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Being and Doing

 

As I lace up my running shoes, I let out a long, drawn out yawn. I feel tired from the previous week of training. I am about to meet up with my training partner, Anne Shadle. I am secretly hoping she’ll agree to running slow today.

 

I tell Anne my plan to run slow. In her I-can’t-take-you-anywhere-outfit, she says, “let’s start out slow and see how it goes.” Somehow we both know that this means we are running fast, today. Our first mile was 7:10 and before long we were clicking off 6:30 miles.

 

I started babbling about how I am enjoying this uncomfortable pace because sometimes we need to feel uncomfortable, first, in order to feel comfortable, later. Anne nods in agreement (well sort of). After a few minutes she tells me to listen to the sound of my shoes as they land on the dirt path and to feel the cool air as it washes against my face.

I’m about to say, “Anne, why are you blowing smoke up my…” when I’m immediately distracted by flow. Flow is the merging of action (doing) and awareness (being). Flow happens when there is a perfect balance between a challenging, yet attainable, task. It’s the ultimate mind and body relationship (Hummm… Anne has a really good point).

 

Athletes love to do

 

The doing is action-oriented and future-focused. When you have a problem, what do you do? You solve it. About 2 miles into my run my body was screaming at me I’M TIRED! My instinct was to solve what my body was telling me (the doing). I relaxed my arms, and then my face (action-oriented). I thought about the relief that I’d feel when I was done (future-focused). But just as Anne had pointed out, earlier, I wasn’t listening to what underlies the process (the being).

 

Athletes need to be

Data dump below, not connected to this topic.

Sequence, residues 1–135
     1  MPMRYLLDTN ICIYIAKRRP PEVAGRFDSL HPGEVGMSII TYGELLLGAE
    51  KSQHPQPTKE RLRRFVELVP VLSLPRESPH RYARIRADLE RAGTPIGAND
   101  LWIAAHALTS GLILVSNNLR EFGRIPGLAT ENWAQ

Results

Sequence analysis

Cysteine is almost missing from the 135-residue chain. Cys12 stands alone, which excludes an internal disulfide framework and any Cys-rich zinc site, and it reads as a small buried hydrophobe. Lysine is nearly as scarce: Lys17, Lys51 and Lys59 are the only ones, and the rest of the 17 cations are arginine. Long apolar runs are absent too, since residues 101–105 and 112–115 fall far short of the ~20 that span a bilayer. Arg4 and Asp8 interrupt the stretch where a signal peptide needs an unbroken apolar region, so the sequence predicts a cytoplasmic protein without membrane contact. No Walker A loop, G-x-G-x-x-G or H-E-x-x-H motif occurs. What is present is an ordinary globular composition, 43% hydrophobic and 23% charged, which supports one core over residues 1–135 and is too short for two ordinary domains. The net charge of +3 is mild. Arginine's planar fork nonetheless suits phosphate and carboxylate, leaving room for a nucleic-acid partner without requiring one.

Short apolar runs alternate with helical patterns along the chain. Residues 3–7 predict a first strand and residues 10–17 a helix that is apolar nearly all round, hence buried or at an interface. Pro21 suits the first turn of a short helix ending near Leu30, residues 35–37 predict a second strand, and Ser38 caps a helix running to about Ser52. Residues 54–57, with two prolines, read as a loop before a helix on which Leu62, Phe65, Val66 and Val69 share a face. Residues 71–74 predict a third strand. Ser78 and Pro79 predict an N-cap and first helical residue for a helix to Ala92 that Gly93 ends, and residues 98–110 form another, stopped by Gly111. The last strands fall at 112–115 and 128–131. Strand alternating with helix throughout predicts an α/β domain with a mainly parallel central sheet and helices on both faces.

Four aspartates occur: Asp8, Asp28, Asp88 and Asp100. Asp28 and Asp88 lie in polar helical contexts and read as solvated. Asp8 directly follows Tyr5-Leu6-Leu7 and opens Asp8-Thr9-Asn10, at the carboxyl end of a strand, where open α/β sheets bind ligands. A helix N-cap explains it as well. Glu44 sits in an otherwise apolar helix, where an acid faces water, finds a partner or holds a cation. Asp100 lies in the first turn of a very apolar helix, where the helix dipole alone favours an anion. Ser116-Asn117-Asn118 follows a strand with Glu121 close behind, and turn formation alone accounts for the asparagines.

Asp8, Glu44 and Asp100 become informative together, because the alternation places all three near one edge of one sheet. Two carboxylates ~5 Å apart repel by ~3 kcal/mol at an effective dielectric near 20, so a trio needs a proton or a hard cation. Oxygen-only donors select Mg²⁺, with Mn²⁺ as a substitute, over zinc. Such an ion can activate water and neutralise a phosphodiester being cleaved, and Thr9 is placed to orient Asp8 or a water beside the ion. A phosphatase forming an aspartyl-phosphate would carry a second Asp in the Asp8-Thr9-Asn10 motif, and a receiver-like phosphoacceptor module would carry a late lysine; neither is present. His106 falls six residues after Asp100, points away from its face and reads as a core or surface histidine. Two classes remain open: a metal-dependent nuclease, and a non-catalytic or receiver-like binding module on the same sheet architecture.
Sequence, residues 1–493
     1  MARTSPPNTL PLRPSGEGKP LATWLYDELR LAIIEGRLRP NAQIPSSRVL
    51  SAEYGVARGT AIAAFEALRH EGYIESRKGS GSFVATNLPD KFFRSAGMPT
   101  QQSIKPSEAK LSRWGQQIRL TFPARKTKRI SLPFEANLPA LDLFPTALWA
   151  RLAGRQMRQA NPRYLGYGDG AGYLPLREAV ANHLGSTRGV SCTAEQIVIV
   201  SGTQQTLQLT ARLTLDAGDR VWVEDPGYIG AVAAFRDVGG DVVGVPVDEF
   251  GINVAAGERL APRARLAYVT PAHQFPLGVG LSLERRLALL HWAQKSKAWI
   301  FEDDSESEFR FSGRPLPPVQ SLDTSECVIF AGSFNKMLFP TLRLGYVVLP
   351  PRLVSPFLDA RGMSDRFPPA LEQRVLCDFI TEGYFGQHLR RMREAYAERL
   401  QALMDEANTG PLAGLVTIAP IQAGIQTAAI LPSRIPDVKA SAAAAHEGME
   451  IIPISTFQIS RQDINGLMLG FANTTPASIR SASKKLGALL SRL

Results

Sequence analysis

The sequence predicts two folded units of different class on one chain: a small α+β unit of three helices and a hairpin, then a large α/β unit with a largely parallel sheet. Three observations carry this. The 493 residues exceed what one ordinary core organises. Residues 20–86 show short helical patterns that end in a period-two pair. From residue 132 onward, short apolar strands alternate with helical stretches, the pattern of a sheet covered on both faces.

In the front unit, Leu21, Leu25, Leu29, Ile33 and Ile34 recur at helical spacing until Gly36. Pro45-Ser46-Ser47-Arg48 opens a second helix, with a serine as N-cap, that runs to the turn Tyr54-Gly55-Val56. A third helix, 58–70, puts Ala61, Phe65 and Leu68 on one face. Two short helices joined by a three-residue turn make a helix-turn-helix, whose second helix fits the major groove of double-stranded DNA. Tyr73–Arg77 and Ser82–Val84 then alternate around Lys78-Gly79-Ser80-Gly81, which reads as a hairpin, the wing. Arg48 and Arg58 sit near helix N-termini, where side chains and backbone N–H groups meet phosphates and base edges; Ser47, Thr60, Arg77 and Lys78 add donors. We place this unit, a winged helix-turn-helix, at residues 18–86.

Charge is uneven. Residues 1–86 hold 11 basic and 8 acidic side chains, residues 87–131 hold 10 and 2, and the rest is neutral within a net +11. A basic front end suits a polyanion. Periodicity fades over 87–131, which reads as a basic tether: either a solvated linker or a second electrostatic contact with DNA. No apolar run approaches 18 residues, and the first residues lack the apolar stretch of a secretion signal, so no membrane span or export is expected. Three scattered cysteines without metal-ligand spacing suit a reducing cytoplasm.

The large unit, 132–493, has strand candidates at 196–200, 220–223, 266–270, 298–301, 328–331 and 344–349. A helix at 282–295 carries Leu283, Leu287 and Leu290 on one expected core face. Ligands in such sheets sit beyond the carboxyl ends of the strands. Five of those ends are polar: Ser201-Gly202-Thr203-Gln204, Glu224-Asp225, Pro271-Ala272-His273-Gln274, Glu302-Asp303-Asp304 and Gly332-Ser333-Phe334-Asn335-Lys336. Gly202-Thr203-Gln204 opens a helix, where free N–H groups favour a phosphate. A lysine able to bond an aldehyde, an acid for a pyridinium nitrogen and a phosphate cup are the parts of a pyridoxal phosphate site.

Learning to be engaged in the present moment is a behavior that can be taught. The being means letting go of the past and future and focusing on the now. I started my run focused on wanting to go slow and wanting to feel comfortable, but as the run progressed, Anne challenged me to connect with the present moment. It worked. I felt an immediate sense of joy and relief.

 

How to mesh what we love with what we need

 

Flow is merging the doing with the being. After the run, Anne and I reflected on how it went (What? We’re researchers. Sometimes we can’t help ourselves). Anne tells me that uncomfortableness needs to become our routine — something that we come to expect and embrace each day. Once you start to feel comfortable with uncomfortableness, then you can establish a new level of uncomfortableness. It’s within these new levels that success happens.

 

Imagine layers upon layers. There layers are your goals. The higher the goal the greater the discomfort (y-axis). Also, the time in which a goal is accomplished is unknown (x-axis). The only thing that is know is what each layer is made up of — the building blocks that get you from one layer to the next.



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Now, imagine each level is packed with little blue and red blocks that fit together like a puzzle. They are not stacked on top of each other, nor are they sitting side by side each other. Rather they work together in a system, each drawing upon the other for energy. The blue blocks are the doing where thoughts, actions and feelings take place. And the red blocks are the being where your mindfulness, presence, and consciousness hang out.